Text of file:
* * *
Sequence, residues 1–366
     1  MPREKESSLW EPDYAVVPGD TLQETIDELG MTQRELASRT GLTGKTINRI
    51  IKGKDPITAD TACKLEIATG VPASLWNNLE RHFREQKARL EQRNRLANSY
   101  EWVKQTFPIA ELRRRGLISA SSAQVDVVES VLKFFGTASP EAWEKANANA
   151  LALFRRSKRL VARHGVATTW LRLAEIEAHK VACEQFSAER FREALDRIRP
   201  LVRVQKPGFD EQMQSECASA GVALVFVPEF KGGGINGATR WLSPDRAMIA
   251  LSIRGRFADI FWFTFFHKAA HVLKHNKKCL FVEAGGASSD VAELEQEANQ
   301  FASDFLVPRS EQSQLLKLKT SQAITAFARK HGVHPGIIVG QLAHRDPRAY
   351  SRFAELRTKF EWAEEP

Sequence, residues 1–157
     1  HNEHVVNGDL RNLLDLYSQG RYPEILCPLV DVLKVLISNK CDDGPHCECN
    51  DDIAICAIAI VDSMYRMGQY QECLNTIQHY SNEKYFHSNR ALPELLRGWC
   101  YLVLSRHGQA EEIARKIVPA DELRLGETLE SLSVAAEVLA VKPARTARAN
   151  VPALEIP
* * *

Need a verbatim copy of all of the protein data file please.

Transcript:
Sequence, residues 1–366
     1  MPREKESSLW EPDYAVVPGD TLQETIDELG MTQRELASRT GLTGKTINRI
    51  IKGKDPITAD TACKLEIATG VPASLWNNLE RHFREQKARL EQRNRLANSY
   101  EWVKQTFPIA ELRRRGLISA SSAQVDVVES VLKFFGTASP EAWEKANANA
   151  LALFRRSKRL VARHGVATTW LRLAEIEAHK VACEQFSAER FREALDRIRP
   201  LVRVQKPGFD EQMQSECASA GVALVFVPEF KGGGINGATR WLSPDRAMIA
   251  LSIRGRFADI FWFTFFHKAA HVLKHNKKCL FVEAGGASSD VAELEQEANQ
   301  FASDFLVPRS EQSQLLKLKT SQAITAFARK HGVHPGIIVG QLAHRDPRAY
   351  SRFAELRTKF EWAEEP

Sequence, residues 1–157
     1  HNEHVVNGDL RNLLDLYSQG RYPEILCPLV DVLKVLISNK CDDGPHCECN
    51  DDIAICAIAI VDSMYRMGQY QECLNTIQHY SNEKYFHSNR ALPELLRGWC
   101  YLVLSRHGQA EEIARKIVPA DELRLGETLE SLSVAAEVLA VKPARTARAN
   151  VPALEIP